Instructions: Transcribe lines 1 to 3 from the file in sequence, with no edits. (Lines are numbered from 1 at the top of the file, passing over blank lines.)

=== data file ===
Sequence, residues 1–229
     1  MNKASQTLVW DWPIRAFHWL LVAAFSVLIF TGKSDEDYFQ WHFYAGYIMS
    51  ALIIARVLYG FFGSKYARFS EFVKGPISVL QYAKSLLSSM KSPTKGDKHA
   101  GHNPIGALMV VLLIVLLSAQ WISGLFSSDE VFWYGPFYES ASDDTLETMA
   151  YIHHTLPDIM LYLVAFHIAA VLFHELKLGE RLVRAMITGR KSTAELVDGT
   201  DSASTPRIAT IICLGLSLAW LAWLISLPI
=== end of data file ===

Sequence, residues 1–229
     1  MNKASQTLVW DWPIRAFHWL LVAAFSVLIF TGKSDEDYFQ WHFYAGYIMS
    51  ALIIARVLYG FFGSKYARFS EFVKGPISVL QYAKSLLSSM KSPTKGDKHA